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To evaluate the association between novel pre- and post-operative biomarker levels and 30-day unplanned readmission or mortality after paediatric congenital heart surgery.
Children aged 18 years or younger undergoing congenital heart surgery (n = 162) at Johns Hopkins Hospital from 2010 to 2014 were enrolled in the prospective cohort. Collected novel pre- and post-operative biomarkers include soluble suppression of tumorgenicity 2, galectin-3, N-terminal prohormone of brain natriuretic peptide, and glial fibrillary acidic protein. A model based on clinical variables from the Society of Thoracic Surgery database was developed and evaluated against two augmented models.
Unplanned readmission or mortality within 30 days of cardiac surgery occurred among 21 (13%) children. The clinical model augmented with pre-operative biomarkers demonstrated a statistically significant improvement over the clinical model alone with a receiver-operating characteristics curve of 0.754 (95% confidence interval: 0.65–0.86) compared to 0.617 (95% confidence interval: 0.47–0.76; p-value: 0.012). The clinical model augmented with pre- and post-operative biomarkers demonstrated a significant improvement over the clinical model alone, with a receiver-operating characteristics curve of 0.802 (95% confidence interval: 0.72–0.89; p-value: 0.003).
Novel biomarkers add significant predictive value when assessing the likelihood of unplanned readmission or mortality after paediatric congenital heart surgery. Further exploration of the utility of these novel biomarkers during the pre- or post-operative period to identify early risk of mortality or readmission will aid in determining the clinical utility and application of these biomarkers into routine risk assessment.
To define optimal thromboprophylaxis strategy after stent implantation in superior or total cavopulmonary connections.
Stent thrombosis is a rare complication of intravascular stenting, with a perceived higher risk in single-ventricle patients.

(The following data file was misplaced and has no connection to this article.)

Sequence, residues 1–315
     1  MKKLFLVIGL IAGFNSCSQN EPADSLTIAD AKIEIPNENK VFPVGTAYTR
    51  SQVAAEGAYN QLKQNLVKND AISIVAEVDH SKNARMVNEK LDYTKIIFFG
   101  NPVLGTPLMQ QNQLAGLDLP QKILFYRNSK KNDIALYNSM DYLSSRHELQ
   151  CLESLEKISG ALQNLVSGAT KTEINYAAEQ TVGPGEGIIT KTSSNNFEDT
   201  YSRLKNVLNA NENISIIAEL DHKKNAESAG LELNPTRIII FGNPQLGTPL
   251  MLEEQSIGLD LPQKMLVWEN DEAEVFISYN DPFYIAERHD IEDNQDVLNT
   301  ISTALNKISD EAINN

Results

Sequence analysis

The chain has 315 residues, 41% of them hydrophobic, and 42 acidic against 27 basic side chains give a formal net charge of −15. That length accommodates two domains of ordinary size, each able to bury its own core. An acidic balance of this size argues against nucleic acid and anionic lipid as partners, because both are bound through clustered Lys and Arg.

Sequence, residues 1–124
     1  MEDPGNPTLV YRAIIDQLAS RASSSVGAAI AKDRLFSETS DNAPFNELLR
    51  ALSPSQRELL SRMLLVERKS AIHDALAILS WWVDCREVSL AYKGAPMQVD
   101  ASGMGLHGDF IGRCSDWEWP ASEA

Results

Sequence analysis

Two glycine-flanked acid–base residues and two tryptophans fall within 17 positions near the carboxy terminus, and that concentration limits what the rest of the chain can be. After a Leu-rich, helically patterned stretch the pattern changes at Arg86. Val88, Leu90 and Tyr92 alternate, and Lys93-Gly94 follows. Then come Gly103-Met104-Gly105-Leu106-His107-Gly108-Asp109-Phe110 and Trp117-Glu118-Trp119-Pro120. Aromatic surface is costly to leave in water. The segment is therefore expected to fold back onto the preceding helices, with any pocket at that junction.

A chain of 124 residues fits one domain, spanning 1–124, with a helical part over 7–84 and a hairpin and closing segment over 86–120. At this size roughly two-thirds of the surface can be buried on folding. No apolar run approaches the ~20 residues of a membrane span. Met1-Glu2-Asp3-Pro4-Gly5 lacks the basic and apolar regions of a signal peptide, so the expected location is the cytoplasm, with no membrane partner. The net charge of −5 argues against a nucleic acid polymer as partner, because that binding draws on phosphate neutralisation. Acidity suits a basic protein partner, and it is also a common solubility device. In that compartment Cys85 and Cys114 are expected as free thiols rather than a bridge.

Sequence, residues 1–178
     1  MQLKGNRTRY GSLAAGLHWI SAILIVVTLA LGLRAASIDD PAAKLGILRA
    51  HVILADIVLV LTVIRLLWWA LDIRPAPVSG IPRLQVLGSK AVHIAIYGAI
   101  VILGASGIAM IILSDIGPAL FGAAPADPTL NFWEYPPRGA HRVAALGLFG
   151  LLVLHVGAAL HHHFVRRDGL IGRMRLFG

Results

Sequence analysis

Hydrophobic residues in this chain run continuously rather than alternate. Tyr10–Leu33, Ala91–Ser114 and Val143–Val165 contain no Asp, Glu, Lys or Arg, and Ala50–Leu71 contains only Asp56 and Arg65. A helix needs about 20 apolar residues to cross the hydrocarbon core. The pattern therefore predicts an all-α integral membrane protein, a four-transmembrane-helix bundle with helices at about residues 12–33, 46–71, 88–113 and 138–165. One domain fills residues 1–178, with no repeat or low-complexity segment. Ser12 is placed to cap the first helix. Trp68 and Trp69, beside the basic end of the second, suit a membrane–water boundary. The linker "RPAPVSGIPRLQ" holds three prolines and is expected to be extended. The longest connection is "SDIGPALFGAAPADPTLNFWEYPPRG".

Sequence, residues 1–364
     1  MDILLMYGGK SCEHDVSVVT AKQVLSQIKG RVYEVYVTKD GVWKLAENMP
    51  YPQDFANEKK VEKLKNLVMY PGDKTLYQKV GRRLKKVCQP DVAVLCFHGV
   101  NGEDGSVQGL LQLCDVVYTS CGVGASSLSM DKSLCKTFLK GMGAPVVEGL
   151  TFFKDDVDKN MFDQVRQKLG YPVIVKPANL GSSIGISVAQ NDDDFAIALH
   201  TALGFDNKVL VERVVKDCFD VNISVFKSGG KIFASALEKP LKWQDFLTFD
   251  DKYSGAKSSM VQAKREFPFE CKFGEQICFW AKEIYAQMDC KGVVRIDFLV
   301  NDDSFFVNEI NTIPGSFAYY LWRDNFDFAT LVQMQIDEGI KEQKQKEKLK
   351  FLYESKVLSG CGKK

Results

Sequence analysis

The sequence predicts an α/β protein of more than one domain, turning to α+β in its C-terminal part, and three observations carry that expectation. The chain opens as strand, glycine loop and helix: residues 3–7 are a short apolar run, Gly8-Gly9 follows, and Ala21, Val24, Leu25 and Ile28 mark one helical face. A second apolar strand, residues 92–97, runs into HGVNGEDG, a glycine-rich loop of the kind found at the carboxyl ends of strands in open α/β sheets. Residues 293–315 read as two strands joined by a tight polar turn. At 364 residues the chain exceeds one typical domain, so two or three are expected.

All patients who underwent stent implantation within superior or total cavopulmonary connections (caval vein, innominate vein, Fontan, or branch pulmonary arteries) were included. Cohort was divided into aspirin therapy alone versus advanced anticoagulation, including warfarin, enoxaparin, heparin, or clopidogrel. Primary endpoint was in-stent or downstream thrombus, and secondary endpoints included bleeding complications.
A total of 58 patients with single-ventricle circulation underwent 72 stent implantations. Of them 14 stents (19%) were implanted post-superior cavopulmonary connection and 58 (81%) post-total cavopulmonary connection. Indications for stenting included vessel/conduit stenosis (67%), external compression (18%), and thrombotic occlusion (15%). Advanced anticoagulation was prescribed for 32 (44%) patients and aspirin for 40 (56%) patients. Median follow up was 1.1 (25th–75th percentile, 0.5–2.6) years. Echocardiograms were available in 71 patients (99%), and advanced imaging in 44 patients (61%). Thrombosis was present in two patients on advanced anticoagulation (6.3%) and none noted in patients on aspirin (p = 0.187). Both patients with in-stent thrombus underwent initial stenting due to occlusive left pulmonary artery thrombus acutely post-superior cavopulmonary connection. There were seven (22%) significant bleeding complications for advanced anticoagulation and none for aspirin (p < 0.001).
Antithrombotic strategy does not appear to affect rates of in-stent thrombus in single-ventricle circulations. Aspirin alone may be sufficient for most patients undergoing stent implantation, while pre-existing thrombus may warrant advanced anticoagulation.
Few studies have used genomic epidemiology to understand tuberculosis (TB) transmission in rural and remote settings – regions often unique in history, geography and demographics. To improve our understanding of TB transmission dynamics in Yukon Territory (YT), a circumpolar Canadian territory, we conducted a retrospective analysis in which we combined epidemiological data collected through routine contact investigations with clinical and laboratory results. Mycobacterium tuberculosis isolates from all culture-confirmed TB cases in YT (2005–2014) were genotyped using 24-locus Mycobacterial Interspersed Repetitive Units-Variable Number of Tandem Repeats (MIRU-VNTR) and compared to each other and to those from the neighbouring province of British Columbia (BC). Whole genome sequencing (WGS) of genotypically clustered isolates revealed three sustained transmission networks within YT, two of which also involved BC isolates. While each network had distinct characteristics, all had at least one individual acting as the probable source of three or more culture-positive cases. Overall, WGS revealed that TB transmission dynamics in YT are distinct from patterns of spread in other, more remote Northern Canadian regions, and that the combination of WGS and epidemiological data can provide actionable information to local public health teams.